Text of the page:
Thoracic electrical bioimpedance (TEB) was used in ED patients presenting with dyspnoea to differentiate between cardiac and non-cardiac causes.
The fundamental principle behind TEB is based on Ohm’s law. If a constant electrical current is applied to the thorax, changes in impedance (ΔZ) to flow are equal to changes in voltage drop across the circuit. As a current will always seek the path of lowest resistivity, which in the human body is blood, ΔZ of the thorax will primarily reflect the dynamic changes of blood volume in the thoracic aorta. Changes in thoracic electrical impedance are continuously recorded and processed using a computer algorithm to calculate a number of cardiohaemodynamic parameters such as stroke volume, CO, CI, SVR and systemic vascular resistance index (SVRi).
A cardiac index cut-off of 3.2 l/m/m2 had a 86.7% sensitive (95% CI 59.5% to 98.0%) and 88.9% specific (95% CI 73.9% to 96.8%) for cardiac dyspnoea in the 52 patients studies, of which 15 had cardiac-related dyspnoea.
The study has several limitations including small numbers and using the gold standard of discharge diagnosis. Thoracic electrical bioimpedance: a tool to determine cardiac versus non-cardiac causes of acute dyspnoea in the emergency department Emerg Med J. 2010 May;27(5):359-63 Free Full Text
1316 infants who were born between 24 weeks 0 days and 27 weeks 6 days of gestation were randomised to one of two different target ranges of oxygen saturation: 85 – 89% vs. 91 – 95%. The primary outcome was a composite of severe retinopathy of prematurity (defined as the presence of threshold retinopathy, the need for surgical ophthalmologic intervention, or the use of bevacizumab), death before discharge from the hospital, or both.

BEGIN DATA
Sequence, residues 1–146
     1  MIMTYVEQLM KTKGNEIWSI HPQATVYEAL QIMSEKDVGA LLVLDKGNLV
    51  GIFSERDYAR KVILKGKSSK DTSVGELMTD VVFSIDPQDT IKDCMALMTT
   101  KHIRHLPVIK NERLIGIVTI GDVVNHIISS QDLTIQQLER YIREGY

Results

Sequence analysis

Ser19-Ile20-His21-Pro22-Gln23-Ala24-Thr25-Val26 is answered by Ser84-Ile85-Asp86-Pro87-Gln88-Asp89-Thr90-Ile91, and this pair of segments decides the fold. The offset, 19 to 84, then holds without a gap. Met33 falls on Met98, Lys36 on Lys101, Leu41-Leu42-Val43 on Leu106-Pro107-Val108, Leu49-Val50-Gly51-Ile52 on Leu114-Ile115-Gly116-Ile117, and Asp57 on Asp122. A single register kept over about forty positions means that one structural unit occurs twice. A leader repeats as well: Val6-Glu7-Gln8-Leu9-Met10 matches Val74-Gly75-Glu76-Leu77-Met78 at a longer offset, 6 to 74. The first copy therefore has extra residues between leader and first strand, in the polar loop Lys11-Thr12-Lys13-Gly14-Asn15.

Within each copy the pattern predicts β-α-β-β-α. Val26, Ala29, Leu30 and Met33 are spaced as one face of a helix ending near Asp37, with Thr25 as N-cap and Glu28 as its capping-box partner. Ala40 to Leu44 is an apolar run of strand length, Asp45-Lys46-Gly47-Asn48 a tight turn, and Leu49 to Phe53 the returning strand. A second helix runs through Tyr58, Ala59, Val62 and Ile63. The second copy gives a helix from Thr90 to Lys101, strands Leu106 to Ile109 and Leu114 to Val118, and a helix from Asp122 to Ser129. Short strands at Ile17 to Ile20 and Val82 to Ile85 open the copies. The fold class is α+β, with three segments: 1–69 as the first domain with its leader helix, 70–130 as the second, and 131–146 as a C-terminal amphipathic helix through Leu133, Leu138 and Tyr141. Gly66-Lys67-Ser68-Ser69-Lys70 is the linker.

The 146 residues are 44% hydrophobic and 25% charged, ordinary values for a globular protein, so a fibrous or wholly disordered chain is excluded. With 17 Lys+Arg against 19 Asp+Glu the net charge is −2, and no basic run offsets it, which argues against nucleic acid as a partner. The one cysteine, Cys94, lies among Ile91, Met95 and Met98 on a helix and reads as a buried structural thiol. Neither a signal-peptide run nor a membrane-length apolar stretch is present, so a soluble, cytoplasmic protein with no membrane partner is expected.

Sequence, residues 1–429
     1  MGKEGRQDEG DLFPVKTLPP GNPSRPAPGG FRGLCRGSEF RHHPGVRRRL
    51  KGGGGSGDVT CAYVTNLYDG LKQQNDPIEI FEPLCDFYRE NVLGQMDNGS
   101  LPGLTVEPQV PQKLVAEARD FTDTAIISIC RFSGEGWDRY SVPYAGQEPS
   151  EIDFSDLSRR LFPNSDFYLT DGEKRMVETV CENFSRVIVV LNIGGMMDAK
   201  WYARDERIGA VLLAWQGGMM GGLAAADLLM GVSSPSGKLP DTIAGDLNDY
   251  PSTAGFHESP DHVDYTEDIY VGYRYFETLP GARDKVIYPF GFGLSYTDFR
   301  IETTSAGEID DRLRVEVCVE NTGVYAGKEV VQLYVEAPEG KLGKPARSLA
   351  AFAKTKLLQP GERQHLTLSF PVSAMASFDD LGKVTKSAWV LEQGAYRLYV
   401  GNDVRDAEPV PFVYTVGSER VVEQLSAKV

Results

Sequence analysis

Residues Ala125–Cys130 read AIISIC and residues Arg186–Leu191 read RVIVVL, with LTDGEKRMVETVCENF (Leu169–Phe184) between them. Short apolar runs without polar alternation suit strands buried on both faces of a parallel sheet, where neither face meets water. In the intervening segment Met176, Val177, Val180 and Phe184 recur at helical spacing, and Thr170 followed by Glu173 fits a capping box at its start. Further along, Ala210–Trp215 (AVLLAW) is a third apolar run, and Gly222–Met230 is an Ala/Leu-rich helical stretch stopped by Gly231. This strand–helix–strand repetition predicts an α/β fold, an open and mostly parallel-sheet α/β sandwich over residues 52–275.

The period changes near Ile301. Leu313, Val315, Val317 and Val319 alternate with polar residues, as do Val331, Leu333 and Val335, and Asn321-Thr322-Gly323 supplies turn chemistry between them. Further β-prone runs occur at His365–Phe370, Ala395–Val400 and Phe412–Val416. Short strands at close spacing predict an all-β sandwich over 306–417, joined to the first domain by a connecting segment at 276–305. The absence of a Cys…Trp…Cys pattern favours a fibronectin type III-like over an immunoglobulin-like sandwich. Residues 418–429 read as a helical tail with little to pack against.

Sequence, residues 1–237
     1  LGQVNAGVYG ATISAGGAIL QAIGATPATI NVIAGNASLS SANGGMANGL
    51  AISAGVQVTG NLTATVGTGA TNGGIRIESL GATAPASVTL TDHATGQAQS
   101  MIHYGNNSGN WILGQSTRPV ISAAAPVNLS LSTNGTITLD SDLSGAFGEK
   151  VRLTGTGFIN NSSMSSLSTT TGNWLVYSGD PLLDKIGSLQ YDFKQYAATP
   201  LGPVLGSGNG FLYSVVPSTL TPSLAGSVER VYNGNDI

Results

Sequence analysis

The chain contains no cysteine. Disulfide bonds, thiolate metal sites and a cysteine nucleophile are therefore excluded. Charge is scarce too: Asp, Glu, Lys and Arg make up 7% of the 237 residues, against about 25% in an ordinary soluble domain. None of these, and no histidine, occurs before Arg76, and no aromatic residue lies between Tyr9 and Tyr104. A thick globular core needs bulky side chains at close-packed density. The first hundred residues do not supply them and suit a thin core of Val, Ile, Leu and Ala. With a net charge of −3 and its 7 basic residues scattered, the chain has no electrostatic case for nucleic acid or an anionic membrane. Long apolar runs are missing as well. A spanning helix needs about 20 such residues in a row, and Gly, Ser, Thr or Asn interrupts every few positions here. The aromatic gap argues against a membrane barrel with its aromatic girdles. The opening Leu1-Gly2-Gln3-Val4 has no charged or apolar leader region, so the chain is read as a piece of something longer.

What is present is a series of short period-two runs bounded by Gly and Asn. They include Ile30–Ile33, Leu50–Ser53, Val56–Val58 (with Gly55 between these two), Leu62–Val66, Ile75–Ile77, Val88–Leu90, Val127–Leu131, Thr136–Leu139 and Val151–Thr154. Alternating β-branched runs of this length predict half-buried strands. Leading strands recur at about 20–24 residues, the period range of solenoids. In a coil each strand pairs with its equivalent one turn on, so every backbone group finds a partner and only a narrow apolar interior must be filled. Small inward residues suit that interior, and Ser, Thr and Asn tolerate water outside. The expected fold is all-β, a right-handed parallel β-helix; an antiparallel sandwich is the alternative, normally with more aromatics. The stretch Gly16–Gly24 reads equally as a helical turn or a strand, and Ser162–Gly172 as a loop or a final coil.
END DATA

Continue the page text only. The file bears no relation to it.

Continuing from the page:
All infants were also randomly assigned to continuous positive airway pressure or intubation and surfactant in a 2-by-2 factorial design.
The rates of severe retinopathy or death did not differ significantly between the lower-oxygen-saturation group and the higher-oxygen-saturation group (28.3% and 32.1%, respectively; relative risk with lower oxygen saturation, 0.90; 95% confidence interval [CI], 0.76 to 1.06; P=0.21). Death before discharge occurred more frequently in the lower-oxygen-saturation group (in 19.9% of infants vs. 16.2%; relative risk, 1.27; 95% CI, 1.01 to 1.60; P=0.04), whereas severe retinopathy among survivors occurred less often in this group (8.6% vs. 17.9%; relative risk, 0.52; 95% CI, 0.37 to 0.73; P<0.001). There were no significant differences in the rates of other adverse events.